International Retina Conference Could Hold the Key to Cure for Blindness

Minister for Health welcomes world-renowned experts to Ireland for global fight against blindness

  • Fighting Blindness’ 15th annual Retina Conference
  • Leading Irish and international experts share insights into curing and preventing blindness
  • Fighting Blindness highlights Target 5000 project to pave the way for targeted gene therapy treatment in Ireland
  • Patient-led charity calls for funding and support for clinical trials in Ireland
  • Conference hears how gene therapy and innovative technologies are restoring eye sight in patients
  • Over 224,000 people in Ireland affected by sight loss, 285 million affected globally, with figures expected to rise by 2020 (1)

Friday, Novembe 7, 2014: World-renowned leaders in vision health met in Croke Park Stadium, Dublin today to share their insights into the global fight against blindness, and discuss their incredible success at restoring patients’ eye sight. Minister for Health, Leo Varadkar, TD officially opened Retina Conference 2014, organised by Fighting Blindness, and thanked the vision experts for their commitment and dedication to finding a cure for blindness.

Fighting Blindness, a patient-led charity, brought leading scientists, researchers, clinicians and patients together for the 15th annual conference to discuss developments in the field of eye health, and highlight the exciting treatments, clinical trials and technologies that are bringing experts closer to finding a cure for blindness.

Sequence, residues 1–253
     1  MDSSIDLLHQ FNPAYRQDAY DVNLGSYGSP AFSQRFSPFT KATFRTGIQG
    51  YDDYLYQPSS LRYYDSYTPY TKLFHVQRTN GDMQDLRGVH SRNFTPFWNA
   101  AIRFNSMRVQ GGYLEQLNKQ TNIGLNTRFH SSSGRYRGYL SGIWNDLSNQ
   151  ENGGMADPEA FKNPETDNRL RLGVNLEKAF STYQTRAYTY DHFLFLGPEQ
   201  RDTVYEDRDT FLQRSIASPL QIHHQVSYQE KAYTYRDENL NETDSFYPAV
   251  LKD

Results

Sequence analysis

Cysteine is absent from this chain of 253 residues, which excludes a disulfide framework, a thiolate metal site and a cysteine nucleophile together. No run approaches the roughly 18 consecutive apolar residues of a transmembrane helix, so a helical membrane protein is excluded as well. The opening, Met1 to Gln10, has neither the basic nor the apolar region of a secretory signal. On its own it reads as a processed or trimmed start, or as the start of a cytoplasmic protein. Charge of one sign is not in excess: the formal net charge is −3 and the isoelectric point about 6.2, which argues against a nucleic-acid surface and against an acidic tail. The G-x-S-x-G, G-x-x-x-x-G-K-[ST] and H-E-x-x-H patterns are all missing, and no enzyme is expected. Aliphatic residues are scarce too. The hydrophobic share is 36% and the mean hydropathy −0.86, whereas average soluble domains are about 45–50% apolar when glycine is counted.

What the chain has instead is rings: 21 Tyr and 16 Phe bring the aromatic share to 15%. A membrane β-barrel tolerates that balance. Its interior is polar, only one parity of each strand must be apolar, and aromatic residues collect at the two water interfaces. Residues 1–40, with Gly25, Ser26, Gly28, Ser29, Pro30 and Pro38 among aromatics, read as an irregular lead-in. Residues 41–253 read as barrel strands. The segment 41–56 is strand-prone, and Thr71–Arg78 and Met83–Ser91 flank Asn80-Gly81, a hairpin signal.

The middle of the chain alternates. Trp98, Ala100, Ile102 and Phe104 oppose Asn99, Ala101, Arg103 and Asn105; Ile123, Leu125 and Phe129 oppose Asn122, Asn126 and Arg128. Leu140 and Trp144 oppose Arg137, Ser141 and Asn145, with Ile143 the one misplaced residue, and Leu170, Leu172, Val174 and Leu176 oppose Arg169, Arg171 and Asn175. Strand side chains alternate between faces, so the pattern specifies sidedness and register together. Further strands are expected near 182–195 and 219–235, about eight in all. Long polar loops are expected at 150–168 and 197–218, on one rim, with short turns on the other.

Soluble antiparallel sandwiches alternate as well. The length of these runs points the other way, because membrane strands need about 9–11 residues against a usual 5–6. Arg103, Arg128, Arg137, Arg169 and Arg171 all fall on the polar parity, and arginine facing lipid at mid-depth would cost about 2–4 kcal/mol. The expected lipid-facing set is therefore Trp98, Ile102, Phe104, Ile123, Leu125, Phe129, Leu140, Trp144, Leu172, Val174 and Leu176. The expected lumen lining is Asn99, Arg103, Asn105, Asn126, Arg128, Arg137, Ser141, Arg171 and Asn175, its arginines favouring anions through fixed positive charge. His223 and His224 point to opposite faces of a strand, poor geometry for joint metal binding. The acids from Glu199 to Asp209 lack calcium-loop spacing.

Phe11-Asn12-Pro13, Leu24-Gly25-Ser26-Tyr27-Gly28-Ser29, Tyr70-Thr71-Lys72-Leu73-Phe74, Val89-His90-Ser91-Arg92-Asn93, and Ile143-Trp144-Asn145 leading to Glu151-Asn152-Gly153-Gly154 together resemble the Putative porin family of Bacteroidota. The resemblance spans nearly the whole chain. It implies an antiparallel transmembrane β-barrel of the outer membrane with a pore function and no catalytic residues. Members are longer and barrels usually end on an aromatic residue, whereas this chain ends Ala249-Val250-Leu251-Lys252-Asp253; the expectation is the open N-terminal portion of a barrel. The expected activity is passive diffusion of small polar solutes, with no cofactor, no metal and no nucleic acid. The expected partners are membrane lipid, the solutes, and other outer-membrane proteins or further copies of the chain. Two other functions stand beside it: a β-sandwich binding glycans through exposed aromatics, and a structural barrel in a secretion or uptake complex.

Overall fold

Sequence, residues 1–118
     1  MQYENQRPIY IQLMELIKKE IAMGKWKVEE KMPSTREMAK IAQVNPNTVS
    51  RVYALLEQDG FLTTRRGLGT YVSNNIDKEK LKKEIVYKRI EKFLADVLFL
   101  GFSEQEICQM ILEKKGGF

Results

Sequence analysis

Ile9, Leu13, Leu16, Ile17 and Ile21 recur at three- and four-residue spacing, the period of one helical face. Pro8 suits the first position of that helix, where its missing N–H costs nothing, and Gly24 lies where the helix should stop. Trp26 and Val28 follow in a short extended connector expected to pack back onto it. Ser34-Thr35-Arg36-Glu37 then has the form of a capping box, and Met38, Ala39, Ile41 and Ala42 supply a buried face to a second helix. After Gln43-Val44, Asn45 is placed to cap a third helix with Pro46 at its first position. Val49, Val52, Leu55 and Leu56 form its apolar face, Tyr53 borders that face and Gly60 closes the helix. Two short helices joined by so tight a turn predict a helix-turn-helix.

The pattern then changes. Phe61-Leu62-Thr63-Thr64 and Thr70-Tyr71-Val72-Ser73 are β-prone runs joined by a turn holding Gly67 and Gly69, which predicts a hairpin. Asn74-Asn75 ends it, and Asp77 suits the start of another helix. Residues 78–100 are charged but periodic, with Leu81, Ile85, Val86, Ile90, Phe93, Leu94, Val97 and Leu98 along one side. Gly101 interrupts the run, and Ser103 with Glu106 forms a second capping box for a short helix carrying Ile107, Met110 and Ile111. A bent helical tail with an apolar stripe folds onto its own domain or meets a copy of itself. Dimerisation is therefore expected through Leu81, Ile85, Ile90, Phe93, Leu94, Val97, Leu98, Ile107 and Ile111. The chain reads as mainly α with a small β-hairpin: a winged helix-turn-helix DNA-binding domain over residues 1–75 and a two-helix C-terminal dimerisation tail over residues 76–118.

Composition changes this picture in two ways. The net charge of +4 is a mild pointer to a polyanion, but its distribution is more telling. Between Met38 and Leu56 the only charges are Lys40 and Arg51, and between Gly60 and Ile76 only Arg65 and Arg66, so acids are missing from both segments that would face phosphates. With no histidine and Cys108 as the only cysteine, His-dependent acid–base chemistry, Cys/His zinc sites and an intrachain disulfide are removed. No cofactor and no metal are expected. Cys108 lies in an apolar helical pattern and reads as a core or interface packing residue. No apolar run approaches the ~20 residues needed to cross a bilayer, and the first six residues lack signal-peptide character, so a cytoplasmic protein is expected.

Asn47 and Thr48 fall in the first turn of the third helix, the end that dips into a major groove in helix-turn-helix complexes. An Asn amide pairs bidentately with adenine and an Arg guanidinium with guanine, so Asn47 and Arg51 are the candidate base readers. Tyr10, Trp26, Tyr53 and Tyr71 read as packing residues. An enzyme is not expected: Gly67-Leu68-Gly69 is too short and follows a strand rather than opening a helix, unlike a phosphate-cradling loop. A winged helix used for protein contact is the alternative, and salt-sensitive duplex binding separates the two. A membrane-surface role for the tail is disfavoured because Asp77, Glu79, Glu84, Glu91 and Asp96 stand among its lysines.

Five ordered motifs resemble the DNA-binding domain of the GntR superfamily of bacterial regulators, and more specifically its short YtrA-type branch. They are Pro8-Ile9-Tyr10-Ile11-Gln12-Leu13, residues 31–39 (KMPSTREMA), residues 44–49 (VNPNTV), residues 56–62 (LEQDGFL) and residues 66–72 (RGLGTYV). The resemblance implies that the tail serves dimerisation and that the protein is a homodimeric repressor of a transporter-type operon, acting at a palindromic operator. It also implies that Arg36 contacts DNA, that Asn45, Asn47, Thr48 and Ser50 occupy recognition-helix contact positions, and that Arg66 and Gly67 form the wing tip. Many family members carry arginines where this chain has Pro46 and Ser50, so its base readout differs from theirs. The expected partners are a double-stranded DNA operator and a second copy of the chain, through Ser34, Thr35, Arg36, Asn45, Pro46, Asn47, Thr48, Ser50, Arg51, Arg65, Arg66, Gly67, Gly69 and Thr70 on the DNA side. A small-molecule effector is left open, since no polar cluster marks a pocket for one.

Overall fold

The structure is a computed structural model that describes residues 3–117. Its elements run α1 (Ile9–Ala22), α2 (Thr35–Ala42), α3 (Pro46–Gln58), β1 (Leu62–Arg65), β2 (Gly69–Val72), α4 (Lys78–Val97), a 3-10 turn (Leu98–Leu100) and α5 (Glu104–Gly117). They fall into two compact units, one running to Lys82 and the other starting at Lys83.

Fighting Blindness hopes that this conference, and the associated engagement with policy makers and other stakeholders, will encourage and attract future clinical trials to Ireland and provide people with sight loss access to emerging therapies.

Speaking during his opening address, Minister for Health, Leo Varadkar, TD said, “This is an exciting time for the vision health community, especially patients and families who are affected by sight loss. The innovative and pioneering work presented today is incredibly important and gives hope to the 224,000 people affected by sight loss in Ireland, and to future generations affected by genetic eye disease. It’s really encouraging to hear about the huge progress being made in treating blindness, thanks to the dedication of those working in research and vision health, and the commitment of organisations like Fighting Blindness.”

Eminent global experts, some of whom have restored vision in their patients, presented on topics including gene testing, targeted gene therapy, artificial implantation and emerging treatments and technologies for treating eye disease effectively.

Mr David Keegan, Consultant Ophthalmic Surgeon, Mater Hospital, Dublin and board member of Fighting Blindness, presented on an exciting project entitled Target 5000 that aims to provide genetic testing for the estimated 5,000 people on the island of Ireland who have a genetic retinal condition. Through genetic screening of the person affected and their family members, Target 5000 will provide more detailed information about the nature and inheritance pattern of their eye condition. The overall aim is that patients will be able to access therapies targeted to specific genes and mutations as they become available. They will also be added to a national patient registry so that patients who are eligible for future clinical trials can be easily identified. To date, almost 600 people have been recruited into the programme between the three sites in Dublin and Belfast.